September 22, 2021
COVID-19 Updates from Skagit County
Local COVID-19 Case and Hospital Data
Skagit has a total of 8,908 cases; an increase of 380 new cases since last Wednesday; Hospitalizations are at 517 total (increased by 16 since Wednesday), and 93 deaths. State and local rates continue to be extremely high. Skagit currently has a case rate of 617.1 per 100k over the last 14 days and a hospitalization rate of 13.8 COVID patients per 100k over the last seven days. Between 8/27 and 9/9, Skagit saw its 2-week case rate to date (630.1 per 100k over 2weeks).
Vaccination & Breakthrough Information
A total of 167,604 doses have been administered in Skagit County. We are now at 71.4% partially vaccinated amongst our population 12 years and older. Between September 11-18, 874 Skagitonians sought out their first dose.
WA Department of Health publishes weekly reports with helpful case, hospitalization, vaccination, and breakthrough data. These reports, and may others, can be found here.
Some major take a ways from these reports include:
- Unvaccinated 12-34 year-olds in Washington are:
- 6 times more likely to get COVID-19 compared with fully vaccinated 12-34 year-olds.
- 30 times more likely to be hospitalized with COVID-19 compared with fully vaccinated 12-34 year-olds.
- Unvaccinated 35-64 year-olds are:
- 5 times more likely to get COVID-19 compared with fully vaccinated 35-64 year-olds.
- 21 times more likely to be hospitalized with COVID-19 compared with fully vaccinated 35-64 year-olds.
- Unvaccinated 65+ year-olds are:
- 4 times more likely to get COVID-19 compared with fully vaccinated 65+ year-olds.
- 9 times more likely to be hospitalized with COVID-19 compared with fully vaccinated 65+ year olds.
- 8 times more likely to die of COVID-19 compared with fully vaccinated 65+ year-olds.
The following graphs highlight the effectiveness of the COVID-19 vaccines in protecting people against becoming critically ill with COVID-19, resulting in hospitalization. Other data like this can be found here.
Testing & Vaccination Options in Skagit County
Skagit County continues to operate a COVID-19 testing and vaccination site at the Skagit County Fairgrounds at 501 Taylor Street in Mount Vernon, Monday through Friday from 5:00 p.m. - 8:00 p.m.
Services are free; no insurance or appointment is currently required.
At this time, people who live, work, or go to school in Skagit County are being prioritized at this site for testing. Antigen testing is limited to those 5+ who are symptomatic or have been recently exposed to COVID-19.
For a list of testing and vaccination providers, go to our website at www.skagitcounty.net/coronavirus.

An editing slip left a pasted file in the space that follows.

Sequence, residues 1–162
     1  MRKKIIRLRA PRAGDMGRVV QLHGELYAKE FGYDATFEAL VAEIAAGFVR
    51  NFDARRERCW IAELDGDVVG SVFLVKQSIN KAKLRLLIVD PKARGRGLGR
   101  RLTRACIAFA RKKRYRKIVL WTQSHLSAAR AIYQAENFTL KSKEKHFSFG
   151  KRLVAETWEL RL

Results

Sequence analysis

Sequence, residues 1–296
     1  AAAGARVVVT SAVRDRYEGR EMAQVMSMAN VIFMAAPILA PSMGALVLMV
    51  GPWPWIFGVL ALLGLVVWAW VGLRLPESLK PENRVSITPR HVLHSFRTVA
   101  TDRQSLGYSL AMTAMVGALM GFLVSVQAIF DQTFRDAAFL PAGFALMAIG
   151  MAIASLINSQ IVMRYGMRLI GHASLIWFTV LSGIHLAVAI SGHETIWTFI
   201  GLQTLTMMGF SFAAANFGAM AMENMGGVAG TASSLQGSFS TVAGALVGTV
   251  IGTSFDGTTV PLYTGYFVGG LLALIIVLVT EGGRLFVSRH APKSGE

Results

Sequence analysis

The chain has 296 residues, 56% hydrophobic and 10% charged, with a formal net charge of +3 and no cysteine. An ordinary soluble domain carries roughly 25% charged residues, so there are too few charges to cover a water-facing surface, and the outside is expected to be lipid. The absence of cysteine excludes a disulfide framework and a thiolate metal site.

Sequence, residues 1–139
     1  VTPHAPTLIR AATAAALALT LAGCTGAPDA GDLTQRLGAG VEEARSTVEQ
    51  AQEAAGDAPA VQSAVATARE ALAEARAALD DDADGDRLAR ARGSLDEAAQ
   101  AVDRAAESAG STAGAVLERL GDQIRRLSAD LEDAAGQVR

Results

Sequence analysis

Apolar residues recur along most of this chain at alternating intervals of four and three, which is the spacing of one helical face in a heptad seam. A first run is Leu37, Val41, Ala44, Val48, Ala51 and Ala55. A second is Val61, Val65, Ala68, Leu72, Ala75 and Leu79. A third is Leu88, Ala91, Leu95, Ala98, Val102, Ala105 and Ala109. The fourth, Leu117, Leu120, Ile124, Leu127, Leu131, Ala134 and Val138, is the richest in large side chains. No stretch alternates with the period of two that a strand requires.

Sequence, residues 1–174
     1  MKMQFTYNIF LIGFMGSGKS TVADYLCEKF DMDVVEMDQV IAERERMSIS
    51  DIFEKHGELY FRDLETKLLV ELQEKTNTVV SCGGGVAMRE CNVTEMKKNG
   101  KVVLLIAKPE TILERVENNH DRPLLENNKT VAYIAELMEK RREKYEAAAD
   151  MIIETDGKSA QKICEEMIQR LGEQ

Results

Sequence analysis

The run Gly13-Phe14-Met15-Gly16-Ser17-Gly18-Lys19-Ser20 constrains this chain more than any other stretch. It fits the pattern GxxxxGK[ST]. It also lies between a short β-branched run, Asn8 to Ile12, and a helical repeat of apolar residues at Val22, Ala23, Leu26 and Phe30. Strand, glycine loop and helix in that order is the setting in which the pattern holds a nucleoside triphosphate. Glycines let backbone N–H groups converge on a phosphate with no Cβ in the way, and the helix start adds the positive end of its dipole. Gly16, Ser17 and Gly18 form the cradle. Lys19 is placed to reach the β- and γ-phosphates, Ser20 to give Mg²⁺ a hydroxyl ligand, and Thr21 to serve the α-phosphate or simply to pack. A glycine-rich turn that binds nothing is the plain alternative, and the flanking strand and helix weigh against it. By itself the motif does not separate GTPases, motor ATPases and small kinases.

Vaccine Boosters Update
Last week, the FDA’s vaccine advisory committee recommended booster doses of Pfizer vaccine six months after full vaccination for people 65 and older and those at high risk of severe COVID-19. This is just the first of several recommendations and approvals needed before booster doses can be administered.
The FDA still needs to approve the use of booster doses, then the CDC will weigh in. The CDC’s vaccine advisory committee will meet next Wednesday and Thursday (Sept. 22-23) to consider recommending booster doses.
In Washington, the recommendations and data on booster doses will also be reviewed by the Western States Scientific Safety Review Work Group. If that group approves the recommendations, then booster doses can begin to be administered in Washington state.
Currently, third doses of mRNA vaccines (Pfizer and Moderna) are recommended for people who are moderately to severely immunocompromised. Third doses are not currently recommended for any other groups.
Monoclonal Antibody Therapeutic Treatment
You may have heard recently about Monoclonal Antibody Treatment in the news. Monoclonal Antibody Therapeutic Treatment can treat mild to moderate COVID-19 in adults and children 12 and older (must weigh at least 88 lbs.), who are at high risk for developing severe illness. Monoclonal antibodies are not authorized for pre-exposure prevention of COVID-19 and must be given within 10 days of getting symptoms to work best.
As of September 21, 2021, local supply of Monoclonal antibodies is extremely low, and is expected to remain so for two or more weeks. If you are seeking treatment, you will need to go through your health care provider for a referral. Please do not call local treatment providers or go to the emergency department for monoclonal antibody treatment.
For more information: https://bit.ly/3u0PUCB.